Our house just started a membership with Ridwell which is a local business that is quickly expanding and currently serves over 30,000 homes in Seattle and Portland. They pick up waste and garbage that we usually throw away but reuse it for other purposes like turning plastic film bags into decking material. We are very excited about this new program as our household looks to reduce the plastic waste we accumulate with 8 people living here.
Basic Homemade Yoghurt
(To make a gallon, just quadruple this recipe.)
- 1 qt. milk (any type)
- 1/4 c. dry milk powder for a thicker product more like Greek yoghurt (opt. I don’t use this)
- And/or 1 T. thickener; such as carrageenan, pectic, or gelatin (opt.)
- 2 T. plain yogurt with live cultures. You don’t need special yoghurt starters but if you are nervous about experimenting like this, you might like to try with a yoghurt starter the first time.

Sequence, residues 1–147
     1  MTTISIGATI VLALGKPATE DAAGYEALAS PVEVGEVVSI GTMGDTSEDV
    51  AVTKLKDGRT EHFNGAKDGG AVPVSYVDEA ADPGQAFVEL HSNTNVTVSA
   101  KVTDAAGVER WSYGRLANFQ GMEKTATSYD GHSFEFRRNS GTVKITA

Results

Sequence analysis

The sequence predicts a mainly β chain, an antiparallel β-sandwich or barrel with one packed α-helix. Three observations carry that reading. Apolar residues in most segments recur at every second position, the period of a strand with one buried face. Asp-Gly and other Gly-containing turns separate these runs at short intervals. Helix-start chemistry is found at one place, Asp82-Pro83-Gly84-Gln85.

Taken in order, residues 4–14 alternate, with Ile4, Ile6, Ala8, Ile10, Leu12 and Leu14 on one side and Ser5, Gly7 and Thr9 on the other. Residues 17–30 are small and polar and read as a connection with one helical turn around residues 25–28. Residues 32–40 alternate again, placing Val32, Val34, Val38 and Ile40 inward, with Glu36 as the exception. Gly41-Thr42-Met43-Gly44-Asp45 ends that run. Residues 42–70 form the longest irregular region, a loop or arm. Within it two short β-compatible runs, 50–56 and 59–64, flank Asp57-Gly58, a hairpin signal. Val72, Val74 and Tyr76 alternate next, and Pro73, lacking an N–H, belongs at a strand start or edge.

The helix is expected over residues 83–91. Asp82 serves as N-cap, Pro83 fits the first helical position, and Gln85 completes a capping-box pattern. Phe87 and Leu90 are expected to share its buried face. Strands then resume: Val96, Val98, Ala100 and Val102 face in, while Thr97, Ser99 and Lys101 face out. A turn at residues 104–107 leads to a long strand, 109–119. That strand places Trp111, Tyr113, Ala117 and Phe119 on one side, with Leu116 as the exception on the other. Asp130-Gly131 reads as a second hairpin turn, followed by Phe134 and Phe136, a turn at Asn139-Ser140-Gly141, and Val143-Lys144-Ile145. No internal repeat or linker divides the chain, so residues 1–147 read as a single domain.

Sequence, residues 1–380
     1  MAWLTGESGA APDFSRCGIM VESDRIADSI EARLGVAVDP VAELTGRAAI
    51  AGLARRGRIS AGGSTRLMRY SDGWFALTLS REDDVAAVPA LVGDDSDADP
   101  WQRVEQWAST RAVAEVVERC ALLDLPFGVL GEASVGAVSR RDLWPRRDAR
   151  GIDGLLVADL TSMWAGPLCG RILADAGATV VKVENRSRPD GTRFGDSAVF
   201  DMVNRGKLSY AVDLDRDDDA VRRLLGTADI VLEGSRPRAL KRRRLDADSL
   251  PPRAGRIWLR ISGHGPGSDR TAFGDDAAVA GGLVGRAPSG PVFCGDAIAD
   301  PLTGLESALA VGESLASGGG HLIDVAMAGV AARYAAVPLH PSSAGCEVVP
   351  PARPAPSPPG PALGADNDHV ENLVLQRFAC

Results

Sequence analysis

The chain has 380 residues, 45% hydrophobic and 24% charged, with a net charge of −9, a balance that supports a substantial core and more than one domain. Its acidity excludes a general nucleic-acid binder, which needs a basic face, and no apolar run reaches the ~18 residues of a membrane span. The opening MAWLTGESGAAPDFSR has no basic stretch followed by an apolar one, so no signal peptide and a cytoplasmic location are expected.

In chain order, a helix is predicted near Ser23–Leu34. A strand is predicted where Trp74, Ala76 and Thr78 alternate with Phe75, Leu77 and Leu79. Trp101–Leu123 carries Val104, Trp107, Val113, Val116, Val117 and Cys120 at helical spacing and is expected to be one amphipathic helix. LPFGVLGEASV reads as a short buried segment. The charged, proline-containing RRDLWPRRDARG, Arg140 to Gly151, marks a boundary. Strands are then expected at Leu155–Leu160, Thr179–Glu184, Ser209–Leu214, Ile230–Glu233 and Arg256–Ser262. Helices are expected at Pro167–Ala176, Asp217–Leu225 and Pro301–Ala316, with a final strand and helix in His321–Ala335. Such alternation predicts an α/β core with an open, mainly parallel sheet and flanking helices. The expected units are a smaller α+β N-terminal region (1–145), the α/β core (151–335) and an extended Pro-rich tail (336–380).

- Combine the milk, milk powder (if using), and thickener (if using) in a pot. Heat the mixture to 180F.
- Let the milk cool to 120F off the heat. Add the yoghurt; mix well.
- Keep covered, at 120F, for at least 6 hours, or until set to the consistency of thick cream. (For this step, I pour it into old glass peanut butter jars with metal lids and cover it with a warm blanket and place in a warm room. Alternatively, put it in your oven preheated to 150F and turn it off. Wrap the yoghurt in a blanket or towels and set it in a pan all wrapped up. After three hours REMOVE THE JARS , reheat the oven, turn it OFF again and put the jars back.)
- Refrigerate and serve cold. This will keep, refrigerated, for up to 2 weeks.
- Remember to save some of the old yogurt for your next batch!